PUBLIC servants can either agree to move to a regional city like Bendigo or they can start their own business and leave the public sector altogether, Member for Murray Damian Drum says.
Mr Drum chaired a report into decentralisation which recommended regional locations be considered when a new government agency is created or an agency needs to be relocated due to changes to property leases.
With Bendigo seeking more government jobs to aid in its $90 million Gov Hub plan, the city could become a prime location should a government agency relocation be on the cards.
But issues with the relocation of the Australian Pesticides and Veterinary Medicines Authority from Canberra to Armidale has highlighted difficulties in shifting departments without extensive prior planning.
This week, the APVMA announced 40 jobs would remain in Canberra.
Speaking in Bendigo this week, Mr Drum said public servants should accept a shift to the regions.
“As much as we understand and respect the work that public servants do, they cannot dictate to a government – whether it be a state government, or whether it be a federal government – where those jobs must be,” he said.
“If they want to dictate the location of positions, they can go and start their own business. That way they can dictate where they live and where they work.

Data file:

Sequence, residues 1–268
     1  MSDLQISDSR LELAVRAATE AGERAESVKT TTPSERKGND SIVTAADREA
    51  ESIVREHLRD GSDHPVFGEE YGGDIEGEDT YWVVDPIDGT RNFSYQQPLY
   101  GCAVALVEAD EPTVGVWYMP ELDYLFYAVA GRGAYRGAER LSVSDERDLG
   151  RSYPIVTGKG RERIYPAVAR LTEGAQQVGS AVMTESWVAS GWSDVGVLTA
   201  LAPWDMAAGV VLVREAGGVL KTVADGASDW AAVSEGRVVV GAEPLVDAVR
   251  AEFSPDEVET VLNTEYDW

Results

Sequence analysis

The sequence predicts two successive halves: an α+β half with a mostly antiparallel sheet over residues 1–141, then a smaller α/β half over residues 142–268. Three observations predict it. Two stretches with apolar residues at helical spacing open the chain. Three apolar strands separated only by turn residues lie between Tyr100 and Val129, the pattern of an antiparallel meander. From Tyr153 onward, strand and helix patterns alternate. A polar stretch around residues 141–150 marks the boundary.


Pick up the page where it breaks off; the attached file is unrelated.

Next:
“If you want to take a role in the public service, you take that role where it exists.”
The report found 40 per cent of Commonwealth public service jobs were in Canberra, while Victoria had 17 per cent. New South Wales had 20 per cent.
The City of Greater Bendigo hopes to construct a Gov Hub to replace the council offices on Lyttleton Terrace, bringing together 1000 workers from council staff and other public sector departments and agencies.
The state government provided $16 million to the project, with much of the remainder expected to come from the private sector.
Bendigo Bank has long been touted as a success story in decentralising a major private entity, but there were limited other examples.
The State Trustees has struggled to staff its offices in Bendigo.
But Nationals Senator Bridget McKenzie said successes in other regional cities – such as relocating the CSIRO to Hobart, and the NSW Agriculture Department to Orange – showed positive outcomes could be achieved.
“To argue now, particularly with our increased transport connectivity and digital connectivity, that you cannot be a world-class researcher, a world-class public servant, a world-class anything, and live in a place like Bendigo, you’ve just completely missed the point,” she said.